Microsoft Office Tutorials and References
In Depth Information
Chapter 2: Making Macros Smarter
Chapter 2: Making Macros Smarter
In This Chapter
Validating and setting fields in your tables by using data macros
Making your forms smarter with macros
Changing form control properties with a macro
Creating your own main-menu form
Using temporary variables in macros
The macros we describe in this chapter are fired off automatically by
events — that is, by things that happen (usually, things that the
database user does) to tables or forms. Examples of events are a form opening, a
record in a table being added, or the value of a field in a table changing. You
can tell Access that when one of these events happens, it should run a
specific macro. This setup makes your macros event-driven. The events that can
trigger data macros, which are attached to tables, are events that happen
to records in tables. The events that trigger form macros are events that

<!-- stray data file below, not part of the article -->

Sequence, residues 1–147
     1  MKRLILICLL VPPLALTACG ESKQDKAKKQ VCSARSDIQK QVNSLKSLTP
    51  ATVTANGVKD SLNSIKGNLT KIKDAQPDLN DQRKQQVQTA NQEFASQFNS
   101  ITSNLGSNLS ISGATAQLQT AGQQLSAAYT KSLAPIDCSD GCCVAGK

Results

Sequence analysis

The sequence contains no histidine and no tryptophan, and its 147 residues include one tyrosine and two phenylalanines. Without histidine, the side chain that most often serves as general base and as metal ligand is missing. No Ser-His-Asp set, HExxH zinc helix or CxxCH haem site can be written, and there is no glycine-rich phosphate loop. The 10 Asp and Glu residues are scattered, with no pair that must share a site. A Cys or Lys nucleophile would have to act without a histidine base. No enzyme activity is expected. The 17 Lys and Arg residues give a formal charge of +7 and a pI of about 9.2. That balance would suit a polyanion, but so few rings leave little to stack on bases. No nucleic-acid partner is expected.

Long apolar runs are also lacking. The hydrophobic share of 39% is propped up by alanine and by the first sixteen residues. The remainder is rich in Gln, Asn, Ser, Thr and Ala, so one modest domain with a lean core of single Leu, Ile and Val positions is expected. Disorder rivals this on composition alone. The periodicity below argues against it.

happen to forms and the objects they contain.
Event-driven macros can be very powerful. You can use them to validate
values in your tables or to set the values of fields based on changes in other
fields. You can also use the On Click event of buttons on a form to run any
macro you want.
Although macros are simple and powerful, they aren’t the full-featured
programming language that Visual Basic for Applications (VBA) is. If you create
a macro and later wish that you’d written a VBA procedure to do the job,
Access can convert the macro to VBA. See Book VIII, Chapter 1 for details on
converting a macro to a VBA program. If you want to use navigation forms
rather than regular forms, see Book IV, Chapter 3.
This chapter describes some nifty ways to use macros with tables and
forms, including setting up your own main-menu form.
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